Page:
Frick Park Clay Courts – Pittsburgh, Pennsylvania - Atlas Obscura

Frick Park Clay Courts

This historic Pittsburgh tennis complex is a rare example of natural red clay courts.  


First built in 1930, this set of six natural red clay public tennis courts in the East End of Pittsburgh is one of the first of its kind in the United States. Situated on the edge of the 644-acre Frick Park, the historic courts remain among the most unique tennis complexes in the country. 

The Frick Park Clay Courts are made of a natural red clay base and crushed red brick surface, using bricks crushed locally in the Pittsburgh area. True natural clay courts are rare because they can take two to three days to dry without proper care. Fortunately, the tennis courts at Frick Park are well maintained by local players and remain playable most days throughout the summer.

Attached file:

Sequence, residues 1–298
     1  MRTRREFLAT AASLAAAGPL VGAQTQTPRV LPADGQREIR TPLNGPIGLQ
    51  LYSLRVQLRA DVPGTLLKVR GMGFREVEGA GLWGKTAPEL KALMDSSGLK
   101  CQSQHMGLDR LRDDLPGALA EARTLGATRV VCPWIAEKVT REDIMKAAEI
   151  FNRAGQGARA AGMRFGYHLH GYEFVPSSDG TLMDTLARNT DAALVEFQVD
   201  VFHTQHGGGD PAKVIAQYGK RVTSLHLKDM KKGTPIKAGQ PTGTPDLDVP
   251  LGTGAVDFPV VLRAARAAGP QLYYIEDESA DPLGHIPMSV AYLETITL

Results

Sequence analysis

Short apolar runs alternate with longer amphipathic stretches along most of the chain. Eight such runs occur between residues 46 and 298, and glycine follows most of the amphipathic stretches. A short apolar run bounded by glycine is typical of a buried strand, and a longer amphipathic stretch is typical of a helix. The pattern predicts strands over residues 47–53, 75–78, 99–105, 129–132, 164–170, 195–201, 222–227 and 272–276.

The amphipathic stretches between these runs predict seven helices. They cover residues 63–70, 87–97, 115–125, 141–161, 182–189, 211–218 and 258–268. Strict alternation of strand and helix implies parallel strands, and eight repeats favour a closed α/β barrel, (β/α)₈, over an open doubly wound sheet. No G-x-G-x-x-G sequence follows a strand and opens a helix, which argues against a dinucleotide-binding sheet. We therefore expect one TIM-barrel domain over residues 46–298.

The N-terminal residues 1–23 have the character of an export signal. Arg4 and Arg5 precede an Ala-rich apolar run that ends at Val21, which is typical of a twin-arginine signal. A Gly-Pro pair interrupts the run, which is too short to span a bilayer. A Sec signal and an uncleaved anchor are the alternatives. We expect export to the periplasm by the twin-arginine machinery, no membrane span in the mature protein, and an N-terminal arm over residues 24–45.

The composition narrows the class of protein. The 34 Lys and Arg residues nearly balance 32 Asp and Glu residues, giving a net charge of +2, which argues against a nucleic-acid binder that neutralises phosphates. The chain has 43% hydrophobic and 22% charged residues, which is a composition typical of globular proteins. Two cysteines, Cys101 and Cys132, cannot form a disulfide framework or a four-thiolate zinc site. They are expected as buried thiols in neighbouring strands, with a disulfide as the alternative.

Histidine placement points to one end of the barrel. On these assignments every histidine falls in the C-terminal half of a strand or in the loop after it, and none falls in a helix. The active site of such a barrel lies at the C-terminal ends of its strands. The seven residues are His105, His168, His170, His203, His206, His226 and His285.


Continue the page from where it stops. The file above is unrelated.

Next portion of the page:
Frick Park opened in 1927 after a bequest of 150 acres to the city upon the passing of noted steel magnate Henry Clay Frick, and the clay tennis courts were built three years later.

Today the courts are in use seven days a week during the summer and fall, hosting tournaments, lessons and tennis leagues. They are free and open to the public. However, you might want to bring an old pair of shoes, as they will likely end up with slight tinge of red after a few sets.

Know Before You Go

Accessible by 61A and 61B buses from the city and the Oakland neighborhood.

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